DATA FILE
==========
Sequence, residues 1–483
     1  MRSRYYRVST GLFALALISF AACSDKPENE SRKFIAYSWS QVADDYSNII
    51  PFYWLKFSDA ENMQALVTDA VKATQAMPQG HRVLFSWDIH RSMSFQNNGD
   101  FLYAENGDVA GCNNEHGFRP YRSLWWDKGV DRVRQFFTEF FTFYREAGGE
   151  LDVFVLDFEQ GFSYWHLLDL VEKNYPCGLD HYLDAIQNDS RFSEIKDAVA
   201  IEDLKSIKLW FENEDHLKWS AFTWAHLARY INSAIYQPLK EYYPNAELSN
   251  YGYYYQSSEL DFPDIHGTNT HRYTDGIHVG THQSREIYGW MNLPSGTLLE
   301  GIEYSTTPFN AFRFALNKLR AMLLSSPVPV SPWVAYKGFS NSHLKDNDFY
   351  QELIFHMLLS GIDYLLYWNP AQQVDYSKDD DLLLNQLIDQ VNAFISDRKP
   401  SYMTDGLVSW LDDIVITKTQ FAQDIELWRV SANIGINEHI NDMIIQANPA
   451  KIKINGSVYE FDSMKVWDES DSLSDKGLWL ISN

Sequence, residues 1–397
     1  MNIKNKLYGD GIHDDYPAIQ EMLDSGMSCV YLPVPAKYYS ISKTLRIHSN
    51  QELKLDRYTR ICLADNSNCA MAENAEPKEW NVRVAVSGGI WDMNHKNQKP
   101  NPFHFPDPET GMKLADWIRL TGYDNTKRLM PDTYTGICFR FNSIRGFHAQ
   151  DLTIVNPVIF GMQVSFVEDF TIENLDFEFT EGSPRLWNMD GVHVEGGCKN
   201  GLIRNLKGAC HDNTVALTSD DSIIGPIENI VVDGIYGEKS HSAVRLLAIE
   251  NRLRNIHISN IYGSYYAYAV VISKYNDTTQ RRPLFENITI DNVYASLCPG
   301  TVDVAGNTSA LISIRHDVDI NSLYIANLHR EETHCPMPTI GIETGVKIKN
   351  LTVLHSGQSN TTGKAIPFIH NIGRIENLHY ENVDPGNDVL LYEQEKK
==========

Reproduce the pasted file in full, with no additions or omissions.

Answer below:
Sequence, residues 1–483
     1  MRSRYYRVST GLFALALISF AACSDKPENE SRKFIAYSWS QVADDYSNII
    51  PFYWLKFSDA ENMQALVTDA VKATQAMPQG HRVLFSWDIH RSMSFQNNGD
   101  FLYAENGDVA GCNNEHGFRP YRSLWWDKGV DRVRQFFTEF FTFYREAGGE
   151  LDVFVLDFEQ GFSYWHLLDL VEKNYPCGLD HYLDAIQNDS RFSEIKDAVA
   201  IEDLKSIKLW FENEDHLKWS AFTWAHLARY INSAIYQPLK EYYPNAELSN
   251  YGYYYQSSEL DFPDIHGTNT HRYTDGIHVG THQSREIYGW MNLPSGTLLE
   301  GIEYSTTPFN AFRFALNKLR AMLLSSPVPV SPWVAYKGFS NSHLKDNDFY
   351  QELIFHMLLS GIDYLLYWNP AQQVDYSKDD DLLLNQLIDQ VNAFISDRKP
   401  SYMTDGLVSW LDDIVITKTQ FAQDIELWRV SANIGINEHI NDMIIQANPA
   451  KIKINGSVYE FDSMKVWDES DSLSDKGLWL ISN

Sequence, residues 1–397
     1  MNIKNKLYGD GIHDDYPAIQ EMLDSGMSCV YLPVPAKYYS ISKTLRIHSN
    51  QELKLDRYTR ICLADNSNCA MAENAEPKEW NVRVAVSGGI WDMNHKNQKP
   101  NPFHFPDPET GMKLADWIRL TGYDNTKRLM PDTYTGICFR FNSIRGFHAQ
   151  DLTIVNPVIF GMQVSFVEDF TIENLDFEFT EGSPRLWNMD GVHVEGGCKN
   201  GLIRNLKGAC HDNTVALTSD DSIIGPIENI VVDGIYGEKS HSAVRLLAIE
   251  NRLRNIHISN IYGSYYAYAV VISKYNDTTQ RRPLFENITI DNVYASLCPG
   301  TVDVAGNTSA LISIRHDVDI NSLYIANLHR EETHCPMPTI GIETGVKIKN
   351  LTVLHSGQSN TTGKAIPFIH NIGRIENLHY ENVDPGNDVL LYEQEKK